Original Date: 11/17/1997
Revision Date: 01/18/2007
Best Practice : Total Quality Service Program
The process of developing a Total Quality Service (TQS) program for Plant Operations began with the arrival of a new Department director in 1992. Prior to this time, the Department performed well, but functioned as an isolated support unit. Most employees felt insignificant to the overall mission of Elizabethtown College. They were physically isolated on a peninsula at the north end of the campus, and half worked on the night shift without contact with the rest of the campus community.
The Department director immediately began a process to create a team atmosphere and develop a quality ethic. The process focused on building a continuously improving, service-oriented organization that would be accepted as an integral part of the College’s educational mission. The first step was introspective to develop credibility within the Department and then expand this outwardly to customers, students, and the entire campus community. The process required a major change in culture and attitude. Foundations for this change were rooted in the concepts of W.E. Deming and Total Quality Management. Plant Operations’ management worked to create an environment which supported effective communication, an open flow of ideas, self-esteem enhancement for employees, customer satisfaction, and continuous improvement. Key changes included placing all employees on the day shift, and initiating measures that improved communication and integration within the campus community.
Plant Operations’ TQS program consists of six fundamental principles: Customer Focus Customers include both internal customers (e.g., department staff) and external customers (e.g., students, faculty). Service calls are treated as opportunities for improvements rather than complaints. The objective is to change the Department from a producer-centered to a customer-centered culture.
Leadership Leadership maintains the vision, defines the strategy, and provides the resources for continuous improvement.
Improved Communication Quality service is attained by understanding what the customer wants, and involves effective internal as well as external communications.
Continuous Improvement This principle represents the core of the TQS philosophy. Quality service is a direct result of continuous improvement. Even small, incremental improvements must have a well-defined direction stemming from the other fundamental principles.
Accountability Management is responsible for the process of service delivery, but is dependent upon the staff to ensure that the process is efficient and meets the needs of the customer.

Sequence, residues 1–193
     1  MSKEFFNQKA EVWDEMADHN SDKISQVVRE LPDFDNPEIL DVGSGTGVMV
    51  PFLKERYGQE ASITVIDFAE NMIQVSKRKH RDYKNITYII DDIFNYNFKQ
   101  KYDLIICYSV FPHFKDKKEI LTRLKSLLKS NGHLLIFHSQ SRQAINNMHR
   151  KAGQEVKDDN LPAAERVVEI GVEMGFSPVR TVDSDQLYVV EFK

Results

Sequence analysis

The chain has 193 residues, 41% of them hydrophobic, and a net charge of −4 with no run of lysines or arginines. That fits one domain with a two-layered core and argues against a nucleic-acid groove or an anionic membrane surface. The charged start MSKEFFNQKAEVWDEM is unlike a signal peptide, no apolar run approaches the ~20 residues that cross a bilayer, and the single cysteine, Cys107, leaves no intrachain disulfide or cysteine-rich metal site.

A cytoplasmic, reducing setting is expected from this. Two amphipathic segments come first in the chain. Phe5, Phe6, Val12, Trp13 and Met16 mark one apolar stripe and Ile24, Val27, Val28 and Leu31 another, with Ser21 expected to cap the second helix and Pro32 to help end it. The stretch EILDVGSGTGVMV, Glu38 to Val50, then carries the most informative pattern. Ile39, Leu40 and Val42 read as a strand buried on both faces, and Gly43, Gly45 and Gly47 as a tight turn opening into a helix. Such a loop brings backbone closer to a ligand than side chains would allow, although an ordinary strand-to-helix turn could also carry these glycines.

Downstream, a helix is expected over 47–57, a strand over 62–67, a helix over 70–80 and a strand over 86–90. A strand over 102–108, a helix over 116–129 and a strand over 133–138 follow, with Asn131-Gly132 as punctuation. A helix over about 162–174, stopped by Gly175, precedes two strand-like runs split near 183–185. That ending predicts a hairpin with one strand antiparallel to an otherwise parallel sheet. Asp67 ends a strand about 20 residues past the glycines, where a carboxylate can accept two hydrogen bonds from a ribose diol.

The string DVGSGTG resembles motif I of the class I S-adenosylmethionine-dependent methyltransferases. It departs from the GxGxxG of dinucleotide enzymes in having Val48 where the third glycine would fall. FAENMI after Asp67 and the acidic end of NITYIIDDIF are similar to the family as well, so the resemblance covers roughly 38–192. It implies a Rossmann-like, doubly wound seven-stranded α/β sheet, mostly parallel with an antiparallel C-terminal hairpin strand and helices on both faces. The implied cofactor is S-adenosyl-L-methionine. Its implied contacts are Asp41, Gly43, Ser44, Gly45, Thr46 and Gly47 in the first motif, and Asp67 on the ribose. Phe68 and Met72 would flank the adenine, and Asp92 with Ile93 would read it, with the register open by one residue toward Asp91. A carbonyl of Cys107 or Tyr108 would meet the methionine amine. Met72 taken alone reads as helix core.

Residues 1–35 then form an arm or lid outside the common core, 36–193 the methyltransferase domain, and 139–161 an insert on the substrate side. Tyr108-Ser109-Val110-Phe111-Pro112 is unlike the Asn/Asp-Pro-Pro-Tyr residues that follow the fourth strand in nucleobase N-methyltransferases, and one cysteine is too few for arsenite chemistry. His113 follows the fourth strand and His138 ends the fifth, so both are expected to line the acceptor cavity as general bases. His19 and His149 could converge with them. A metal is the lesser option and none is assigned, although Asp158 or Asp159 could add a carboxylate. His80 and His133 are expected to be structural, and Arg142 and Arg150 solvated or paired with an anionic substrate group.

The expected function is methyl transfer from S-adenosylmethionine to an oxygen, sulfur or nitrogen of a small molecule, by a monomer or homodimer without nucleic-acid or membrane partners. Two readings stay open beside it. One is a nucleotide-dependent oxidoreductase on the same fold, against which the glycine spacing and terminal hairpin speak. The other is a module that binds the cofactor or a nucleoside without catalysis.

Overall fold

Quality of Work Life Management must understand that staff satisfaction is a prerequisite to customer satisfaction. Therefore, they must work to enhance individual self-esteem and create an environment in which employees can become valued members of the team.
Based on these principles, Plant Operations structured and developed a new system to ensure continuous improvement. Changes in the Department were an evolutionary process, achieved through leadership, education, and communication. The new attitude and outlook also brought about dramatic improvements. Between 1992 and 1997, Plant Operations reduced its budget by 20%, primarily due to cost savings and improved efficiencies, without reducing the number of employees. At the same time, campus facilities expanded by 13% and all employees received annual wage and salary increases. Most importantly, the students and faculty consistently rate Plant Operations among the top performing organizations on campus. The Department repeatedly receives awards and commendations from Elizabethtown College’s administration and campus organizations for its excellence in customer service.
The development of Plant Operations’ TQS program is significant because it has helped the Department become one of the top performing organizations at Elizabethtown College. Typically, the facilities management group is not often seen as a leader or trend setter in most organizations. Plant Operations has worked steadily over the past six years to build credibility at all levels and to develop an attitude of continuous improvement and customer service. Success is achieved by adopting simple, small, incremental changes and implementing them every day with an empowered workforce.
For more information see the
Point of Contact for this survey.